Painting what you know can be brutal, yo.

⭐⭐⭐⭐½ out of ⭐⭐⭐⭐⭐

What does my love think of Frida? Would she paint it in a bathtub or destroy it on Edward Norton’s watch? Find out here.

I Am Michael

Yes or No_

Two James Franco movies in a row? What the hell is going on in the world? Well, I guess it serves me right for messing up Jillian’s first choice and only being able to find a non-subtitled copy, rendering it useless. This was Plan B.

I must admit I was attracted to the story and to Zachary Quinto‘s involvement – and this has been on my list for a little while, so I wasn’t that upset. Welcome to another post in April’s Based on a True Story category.

One man. Two lives.

I Am Michael (2015)

Based on the fascinating true-life story of Michael Glatze, a gay activist who becomes a Christian pastor after identifying as a heterosexual.

Starring: James Franco • Zachary Quinto • Emma Roberts

*Minor spoilers*

Michael (Franco) is in a happy, long term relationship with Bennett (Quinto). The pair live and work in San Francisco where Michael is a gay rights activist and editor of XY Magazine. Life is tough but good as the socially conscious pair explore the LGBT+ scene, sexual liberation and the challenges of being gay in the early noughties. They also get a dog together which is probably the most important milestone in this entire film, right?

You can do way better, Zach

All is well until Michael has a health scare, believing he is afflicted with the same heart condition that claimed his father’s life when he was just 13 (Michael, not his dad). His mother passed away six years later, when he was 19. Despite the doctors insistence that it is just a panic attack (later it is revealed that he has Celiac’s disease), it sends ripples of panic through Michael and he starts to question everything.

Unfortch, most of that is how his homosexuality can possibly live alongside his newfound religious beliefs – which it turns out, it can’t. So Michael explores several different faiths, including Mormonism and Buddhism, all the while renouncing cock, his friends and the gay lifestyle. This is a stinger for Bennett and their mutual friends who don’t understand Michael’s need to pursue his “true self”. And nobody can blame them for that.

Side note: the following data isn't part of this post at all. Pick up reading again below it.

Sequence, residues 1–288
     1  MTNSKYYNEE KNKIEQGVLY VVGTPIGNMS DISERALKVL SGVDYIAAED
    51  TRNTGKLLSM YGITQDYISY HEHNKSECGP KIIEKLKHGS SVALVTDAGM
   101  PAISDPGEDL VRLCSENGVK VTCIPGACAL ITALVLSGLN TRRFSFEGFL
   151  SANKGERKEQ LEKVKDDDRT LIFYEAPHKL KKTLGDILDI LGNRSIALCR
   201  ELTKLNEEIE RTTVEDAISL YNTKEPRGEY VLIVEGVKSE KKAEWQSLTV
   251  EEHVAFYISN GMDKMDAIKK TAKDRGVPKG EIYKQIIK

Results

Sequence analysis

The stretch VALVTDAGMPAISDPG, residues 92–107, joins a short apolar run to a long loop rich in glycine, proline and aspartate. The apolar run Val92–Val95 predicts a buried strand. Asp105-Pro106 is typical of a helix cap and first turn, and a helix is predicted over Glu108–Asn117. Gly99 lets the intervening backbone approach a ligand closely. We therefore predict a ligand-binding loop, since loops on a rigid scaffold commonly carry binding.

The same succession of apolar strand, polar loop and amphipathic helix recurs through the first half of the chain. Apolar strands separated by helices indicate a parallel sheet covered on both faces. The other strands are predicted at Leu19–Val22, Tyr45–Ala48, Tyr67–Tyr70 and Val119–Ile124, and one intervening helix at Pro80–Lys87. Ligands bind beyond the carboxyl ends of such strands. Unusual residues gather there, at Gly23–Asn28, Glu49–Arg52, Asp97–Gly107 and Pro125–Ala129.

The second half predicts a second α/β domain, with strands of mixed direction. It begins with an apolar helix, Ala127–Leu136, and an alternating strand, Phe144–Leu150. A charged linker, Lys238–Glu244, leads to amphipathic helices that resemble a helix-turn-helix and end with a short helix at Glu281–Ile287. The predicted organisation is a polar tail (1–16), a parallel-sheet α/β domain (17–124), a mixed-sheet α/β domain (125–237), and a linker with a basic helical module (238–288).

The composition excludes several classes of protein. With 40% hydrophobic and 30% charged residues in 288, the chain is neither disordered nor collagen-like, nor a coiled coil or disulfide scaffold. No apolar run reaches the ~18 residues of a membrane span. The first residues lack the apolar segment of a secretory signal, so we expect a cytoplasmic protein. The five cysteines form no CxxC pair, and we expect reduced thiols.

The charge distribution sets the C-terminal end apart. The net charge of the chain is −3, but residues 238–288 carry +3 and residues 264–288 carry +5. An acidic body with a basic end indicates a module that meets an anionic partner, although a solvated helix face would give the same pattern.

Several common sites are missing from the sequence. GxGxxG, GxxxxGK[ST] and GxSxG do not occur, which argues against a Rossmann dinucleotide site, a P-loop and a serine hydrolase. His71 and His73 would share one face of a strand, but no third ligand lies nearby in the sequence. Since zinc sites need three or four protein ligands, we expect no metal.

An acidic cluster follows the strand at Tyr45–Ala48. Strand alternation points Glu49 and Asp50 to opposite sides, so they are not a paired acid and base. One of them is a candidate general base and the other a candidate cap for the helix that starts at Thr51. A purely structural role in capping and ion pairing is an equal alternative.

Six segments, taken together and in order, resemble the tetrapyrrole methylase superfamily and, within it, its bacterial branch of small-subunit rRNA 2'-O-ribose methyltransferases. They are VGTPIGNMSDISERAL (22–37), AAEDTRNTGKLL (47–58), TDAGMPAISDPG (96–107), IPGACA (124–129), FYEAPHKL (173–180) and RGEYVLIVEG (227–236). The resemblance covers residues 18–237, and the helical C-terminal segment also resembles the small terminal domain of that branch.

Michael’s Frosted Tips Anonymous group was brutal at times

When Michael travels to Wyoming to attend a Christian bible camp, he meets Rebekah (Emma Roberts), a nice Christian girl also trying to figure out life (I hear you, gurl) – and they fall in love. Which is handy as Michael’s just about to become the pastor of his own church. How will Rebekah take the news of Michael’s fruity past?

Well, this film is fine but it’s pretty lack lustre if I’m honest. There’s nothing wrong with the performances but it’s very introspective and boring at times. I mean, the story is astonishing – and even though I am against it in so many ways – it is a true account of one man’s journey so I have to accept that.

I do have sympathy for anyone struggling with finding themselves and if Michael lived the life he truly wanted to then you can’t really argue with that. I just find it awful in one of the final scenes when he speaks to Bennett and refers to his former choices as ‘abnormal’.

Some of the secondary characters are pretty good, I have a lot of time for third wheel Tyler (Charlie Carver) who’s just adorable. But this is quite forgettable and it didn’t command my full attention either – so I haven’t hit you with a lot of detail because I was pottering around for a lot of it.

“I’m a hetero, CIS white guy now so you will listen to my bullshit…”

James Franco for the record irritates me so fucking much. He’s just so skeezy and I hope he doesn’t pop up in too many of our future films. Maybe we should ban him.

⭐⭐½ out of ⭐⭐⭐⭐⭐

What does wifey thing of our Plan B movie? Would she advocate for it like a boss or renounce it soon as look at it? Find out here, obvs where Jill gives a way more detailed take on the whole situation.

The Category is… Live. Werk. Pose.

Pose is set in the world of 1987 and “looks at the juxtaposition of several segments of life and society in New York: the rise of the luxury universe, the downtown social and literary scene and the ball culture world.”

*Minor spoilers*